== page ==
When was the last time you really thought about your pencil? It sits on your desk until you need it. Let's face it, you probably take it for granted. Take a moment and think about what had to happen for that pencil to get to you. Graphite had to be mined and refined. Lumber has to be chopped down and milled. The graphite and wood have to be transported to the factory. The pencil is manufactured, packaged and shipped to the retailer. That's all before you purchase it and it arrives at your desk. Why are we examining a pencil? That pencil is just like your business. Your customers don't know what goes into the products or services you provide them with. They don't know how you agonized over each…
Read More
Tell Your Customer’s Story

Tell Your Customer’s Story

Communication, Featured
One of the most important elements to attracting potential clients is that they understand what you are offering. If they don’t have a clear idea of what you can do for them they won’t know why they should use your service or product. For complicated services, one of the best ways to convey what you do is to tell a story about one of your customers. To craft your story, keep it simple. Your story should tell what the customer’s problem was, what you did to solve it, and what the result was. Stay away from jargon and buzzwords. If what you do is very complicated or unusual, use an analogy to compare it to something your audience is familiar with. Telling a story can make explaining your business much…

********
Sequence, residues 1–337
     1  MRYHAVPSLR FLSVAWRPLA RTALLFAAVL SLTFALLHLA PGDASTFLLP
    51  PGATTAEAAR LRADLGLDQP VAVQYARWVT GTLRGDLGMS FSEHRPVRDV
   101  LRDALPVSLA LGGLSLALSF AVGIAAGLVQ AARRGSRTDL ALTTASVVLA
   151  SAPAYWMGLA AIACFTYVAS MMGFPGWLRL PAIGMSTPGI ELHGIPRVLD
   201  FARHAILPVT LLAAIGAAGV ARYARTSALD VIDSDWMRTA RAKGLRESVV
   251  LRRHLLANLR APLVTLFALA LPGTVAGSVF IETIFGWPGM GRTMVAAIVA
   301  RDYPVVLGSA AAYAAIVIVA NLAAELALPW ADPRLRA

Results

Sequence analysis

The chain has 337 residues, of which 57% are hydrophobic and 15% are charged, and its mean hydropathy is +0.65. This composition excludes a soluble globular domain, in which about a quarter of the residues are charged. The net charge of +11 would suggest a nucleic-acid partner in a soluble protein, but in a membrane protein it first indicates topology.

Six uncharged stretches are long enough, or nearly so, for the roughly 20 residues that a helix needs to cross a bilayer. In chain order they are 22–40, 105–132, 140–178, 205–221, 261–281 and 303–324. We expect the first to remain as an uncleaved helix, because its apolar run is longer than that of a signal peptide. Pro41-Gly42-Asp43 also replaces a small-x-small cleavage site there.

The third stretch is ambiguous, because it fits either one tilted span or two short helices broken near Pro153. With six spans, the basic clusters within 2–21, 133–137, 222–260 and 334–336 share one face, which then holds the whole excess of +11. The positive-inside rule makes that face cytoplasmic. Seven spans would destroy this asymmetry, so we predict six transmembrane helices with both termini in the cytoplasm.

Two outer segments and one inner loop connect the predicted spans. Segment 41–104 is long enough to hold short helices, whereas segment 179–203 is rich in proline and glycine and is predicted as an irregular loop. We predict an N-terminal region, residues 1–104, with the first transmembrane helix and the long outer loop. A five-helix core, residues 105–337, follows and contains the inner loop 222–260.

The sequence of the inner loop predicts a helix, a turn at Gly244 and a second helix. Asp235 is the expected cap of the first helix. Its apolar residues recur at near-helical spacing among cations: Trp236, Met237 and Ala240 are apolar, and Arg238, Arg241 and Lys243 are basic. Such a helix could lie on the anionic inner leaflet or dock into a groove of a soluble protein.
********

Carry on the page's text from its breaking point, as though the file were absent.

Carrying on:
Read More
When You Give Feedback, Do You Listen, Too?

When You Give Feedback, Do You Listen, Too?

Communication, Featured
Very often it falls on us to offer feedback to a co-worker, partner, or subordinate. If you want people to really hear what you’re saying, you need to listen, too. Research suggests a manager’s attentive, nonjudgmental listening makes an employee more relaxed, more self-aware, and less defensive. The next time you’re coaching someone, listen carefully and thoughtfully to everything they say. Don’t jump to conclusions or interrupt. Give the person space to express themselves, and ask good questions to encourage them to keep talking. When people sense that others are truly hearing them, they’re much more likely to open up. Use eye contact and body language to signal that you’re focused on your employee and want to hear their thoughts. And refrain from suggesting solutions to problems. Even with feedback,…
Read More
Keep a Difficult Conversation on Track

Keep a Difficult Conversation on Track

Communication, Featured
Sometimes, despite your best intentions, a difficult conversation veers off course. Maybe your counterpart’s emotions are making progress hard, or the conversation keeps drifting away from the topic at hand. Assess the situation by taking a deep breath, mentally popping out of the conversation — as if you’re a fly on the wall — and objectively looking at what’s happening. You might even describe it to yourself (in your head): “Every time I bring up the sales numbers, he raises his voice.” Next, state what you’re observing in a calm tone: “It seems as though whenever the sales numbers come up, you raise your voice. Can you help me understand why?” Then suggest a new approach: “If we put our heads together, we could probably come up with a way…
Read More